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Ds (4) knee

(12 Posts)
abigfuckinghohoho Thu 05-Jan-17 18:59:01

Posting in here for traffic to see if there's any nurses/doctors on here that might be able to help (seeing a paed with interests in rheumatology on Tuesday) ds knees have been swelling back and forth for a year or so he has clubfoot in his left side so calf is a bit slimmer on that side , we've seen this Rheuma before because ds orthopaedic consultant seen the swelling and she reckoned arthritis (runs in family) it's not hot to touch and doesn't stop him walking but he complains of pain , last paed diagnosed hypermobile joints and says nothing wrong with him - thoughts? Pic attached

abigfuckinghohoho Thu 05-Jan-17 19:13:49


BoboBunnyH0p Thu 05-Jan-17 19:56:51

My DD has hyper mobility in her knees and they don't swell at the sides like your ds'.
The previous paed seems a bit dismissive about hyper mobility there is a scale and some people suffer quite badly.
Would be worth looking at to see if his current symptoms match.

abigfuckinghohoho Thu 05-Jan-17 20:02:03

I felt they were awful dismissive about it , it affects his hands too with gripping pencils etc we have ot in now but the doc doesn't seem to be taking it very seriously x

BoboBunnyH0p Thu 05-Jan-17 20:26:05

Has your gp referred you to a musculoskeletal clinic. My DD was seen by a specialist physio she wore insoles for a while and we were given a variety of exercises. We have currently been discharged from that clinic as she isn't symptomatic, but I know I can ask for a referral or contact them direct if that changes. From her referral I discovered that I have hypermobility in my wrists.
Some doctors are very dismissive of it, my friends DD has EDS and she had to fight for the diagnosis and ended up paying for private consultation with a leading expert.

justilou Fri 06-Jan-17 03:56:19

Keep an eye on his skin as well. My daughter's knee did that and then she had purple spots on her skin which caused a meningococcal scare. Turned out to be Henoch Schonlein Purpura - an autoimmune response following a "nothing" sort of a cold that can be minor and go almost unnoticed or lethal if it affects the organs.

HerBluebiro Fri 06-Jan-17 07:44:06

You're seeing a specialist next week. Not pretending doctors are perfect but likely to be more accurate than us.

Fwiw I have hypermobility (normal type of eds) and my fingers hurt at times holding pens (less now I don't do it so much now I'm not at school) cos they bend backwards.

My knees do swell on the middle side and they aren't even hypermobile but my ankles are and this puts strain on them unless I do enough exercise.

But see the specialist with as many photos as possible!

ChristmasFluff Fri 06-Jan-17 09:23:31

I'm a physio, although not a paeds physio. My first thought on seeing the photo is that correcting the fallen arches on both feet with insoles could really make a difference, as mentioned above. If you try yourself in bare feet - flatten your inner arch, and you'll see how your knee drops in towards the midline. This then changes the angle of pull of the quads muscles on the front of the thigh, so the kneecap doesn't 'track properly, causing problems there, and it also strains the ligament on the inside of the knee joint, causing pain there. It also becomes a bit of a vicious circle, because the changed angle of pull gives an advantage to the muscle that pull the kneecap out of line, so the quad on the inner thigh gets weaker, so there is even less of control of the kneecap and on it goes. He would need to be assessed for his insoles and they might need to be custom made to accommodate the left foot which may not be normally mobile. I say all this with the proviso that you can't really diagnose from a photo, but basically there is loads a physio could do with exercise too if they saw him, so if the consultant doesn't suggest it, please ask. Hope things get moving for him soon.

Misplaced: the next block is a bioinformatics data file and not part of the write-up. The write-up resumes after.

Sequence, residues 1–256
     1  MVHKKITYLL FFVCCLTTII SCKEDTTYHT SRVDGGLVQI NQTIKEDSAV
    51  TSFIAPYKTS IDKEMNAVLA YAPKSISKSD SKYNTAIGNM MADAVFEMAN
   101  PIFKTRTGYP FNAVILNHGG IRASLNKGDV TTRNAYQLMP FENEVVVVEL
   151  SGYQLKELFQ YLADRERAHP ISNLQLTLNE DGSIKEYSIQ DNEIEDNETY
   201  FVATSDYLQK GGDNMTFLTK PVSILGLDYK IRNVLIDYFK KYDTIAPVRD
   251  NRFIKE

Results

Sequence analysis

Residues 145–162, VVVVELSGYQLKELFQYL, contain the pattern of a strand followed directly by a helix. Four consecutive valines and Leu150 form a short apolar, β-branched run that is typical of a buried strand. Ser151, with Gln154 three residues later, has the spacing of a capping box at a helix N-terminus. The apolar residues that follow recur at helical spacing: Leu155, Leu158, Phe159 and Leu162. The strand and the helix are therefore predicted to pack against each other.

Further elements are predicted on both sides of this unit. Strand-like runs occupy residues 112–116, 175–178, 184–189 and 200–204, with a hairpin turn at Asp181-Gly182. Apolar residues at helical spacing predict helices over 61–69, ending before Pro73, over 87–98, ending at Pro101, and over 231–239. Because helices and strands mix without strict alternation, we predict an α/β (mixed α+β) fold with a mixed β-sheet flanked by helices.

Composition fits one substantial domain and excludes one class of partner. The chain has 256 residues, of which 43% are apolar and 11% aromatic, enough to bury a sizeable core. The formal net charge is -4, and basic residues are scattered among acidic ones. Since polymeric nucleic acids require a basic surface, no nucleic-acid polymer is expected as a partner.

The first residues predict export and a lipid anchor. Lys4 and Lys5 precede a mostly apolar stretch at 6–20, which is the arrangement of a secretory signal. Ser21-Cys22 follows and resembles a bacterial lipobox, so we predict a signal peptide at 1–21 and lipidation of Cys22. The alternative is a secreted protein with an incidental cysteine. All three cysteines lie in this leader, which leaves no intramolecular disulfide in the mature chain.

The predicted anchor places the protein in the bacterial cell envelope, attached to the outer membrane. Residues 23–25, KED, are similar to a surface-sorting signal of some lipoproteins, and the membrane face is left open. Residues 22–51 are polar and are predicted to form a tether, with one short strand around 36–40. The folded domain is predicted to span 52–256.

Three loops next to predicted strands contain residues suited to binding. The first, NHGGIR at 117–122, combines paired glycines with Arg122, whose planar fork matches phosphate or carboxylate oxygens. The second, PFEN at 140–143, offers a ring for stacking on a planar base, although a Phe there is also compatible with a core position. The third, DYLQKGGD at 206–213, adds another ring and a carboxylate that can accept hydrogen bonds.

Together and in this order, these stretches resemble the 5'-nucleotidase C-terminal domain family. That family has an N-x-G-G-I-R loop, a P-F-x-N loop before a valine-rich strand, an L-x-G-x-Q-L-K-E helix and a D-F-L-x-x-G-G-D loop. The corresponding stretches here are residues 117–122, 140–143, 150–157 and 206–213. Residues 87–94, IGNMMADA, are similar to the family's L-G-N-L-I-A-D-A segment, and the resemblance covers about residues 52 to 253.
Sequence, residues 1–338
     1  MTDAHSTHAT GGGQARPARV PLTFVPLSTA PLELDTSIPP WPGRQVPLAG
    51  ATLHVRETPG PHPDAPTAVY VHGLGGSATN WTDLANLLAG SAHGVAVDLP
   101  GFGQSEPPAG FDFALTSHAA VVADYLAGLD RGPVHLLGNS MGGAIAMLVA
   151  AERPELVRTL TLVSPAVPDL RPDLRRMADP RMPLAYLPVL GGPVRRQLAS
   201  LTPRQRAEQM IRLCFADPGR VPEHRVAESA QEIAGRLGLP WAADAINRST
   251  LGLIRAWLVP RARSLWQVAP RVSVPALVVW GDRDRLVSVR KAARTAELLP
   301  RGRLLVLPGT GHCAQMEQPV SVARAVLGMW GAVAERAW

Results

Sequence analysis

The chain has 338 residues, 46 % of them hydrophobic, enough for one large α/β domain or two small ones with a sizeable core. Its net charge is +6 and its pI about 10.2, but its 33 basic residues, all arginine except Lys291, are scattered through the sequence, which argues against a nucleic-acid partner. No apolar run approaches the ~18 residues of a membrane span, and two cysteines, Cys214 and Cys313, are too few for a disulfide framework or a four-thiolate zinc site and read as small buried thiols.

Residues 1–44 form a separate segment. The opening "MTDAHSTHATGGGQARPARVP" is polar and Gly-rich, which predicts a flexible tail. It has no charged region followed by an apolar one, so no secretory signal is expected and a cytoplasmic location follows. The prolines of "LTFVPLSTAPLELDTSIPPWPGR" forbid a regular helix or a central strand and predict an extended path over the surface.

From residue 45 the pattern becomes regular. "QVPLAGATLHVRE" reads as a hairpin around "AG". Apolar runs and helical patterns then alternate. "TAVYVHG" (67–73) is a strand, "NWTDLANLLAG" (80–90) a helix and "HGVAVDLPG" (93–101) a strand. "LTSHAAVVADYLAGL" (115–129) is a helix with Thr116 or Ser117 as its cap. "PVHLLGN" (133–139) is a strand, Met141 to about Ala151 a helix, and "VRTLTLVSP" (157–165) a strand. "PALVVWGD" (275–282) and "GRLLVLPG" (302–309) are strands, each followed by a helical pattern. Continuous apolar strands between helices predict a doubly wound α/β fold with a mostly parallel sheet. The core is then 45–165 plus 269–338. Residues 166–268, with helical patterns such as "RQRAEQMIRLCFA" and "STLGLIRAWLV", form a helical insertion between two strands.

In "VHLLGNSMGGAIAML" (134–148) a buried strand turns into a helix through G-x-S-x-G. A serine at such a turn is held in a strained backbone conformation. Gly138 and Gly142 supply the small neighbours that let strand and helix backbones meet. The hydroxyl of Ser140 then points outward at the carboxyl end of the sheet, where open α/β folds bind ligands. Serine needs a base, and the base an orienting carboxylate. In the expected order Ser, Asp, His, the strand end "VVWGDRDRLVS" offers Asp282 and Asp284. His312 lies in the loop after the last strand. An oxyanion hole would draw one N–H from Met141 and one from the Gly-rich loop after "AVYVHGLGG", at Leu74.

Wandastartup Fri 06-Jan-17 09:26:52

Whereabouts in the country are you?

ChristmasFluff Fri 06-Jan-17 09:28:02

Just another thought from not really physio mode - re the hypermobility of his hands and difficulty gripping. If he seems generally slightly 'floppy' and a bit unco-ordinated/clumsy, he might have dyspraxia, which OTs can help with. My son has it, but he doesn't have pain, so this is really just a thought prompted by the pen grip thing. My son's hand holding a normal pen looks really weird. Even if it isn't dyspraxia, OTs can advise on special pens and grips, cutlery etc to ease pain in his hands

ChazsBrilliantAttitude Fri 06-Jan-17 09:59:14

I have hypermobile fingers and find typing much easier than using a pen.
You could get this mix pack of pencil grips to try which is best for him

He needs to learn strategies to deal with push buttons, doors etc. I press lift buttons etc. with my knuckles or something I am holding as the top joints of my fingers bend backwards really easily. A physio told me to be careful about pushing heavy doors with my hand outstretched so I tend to push heavy doors by leaning on them. The OT should be able to help you with these sorts of things.

abigfuckinghohoho Fri 06-Jan-17 20:14:34

Interesting , he does have asd and his paed puts a lot of his clumsiness down to that , he already has specialist insoles he's had them for about 18 months -

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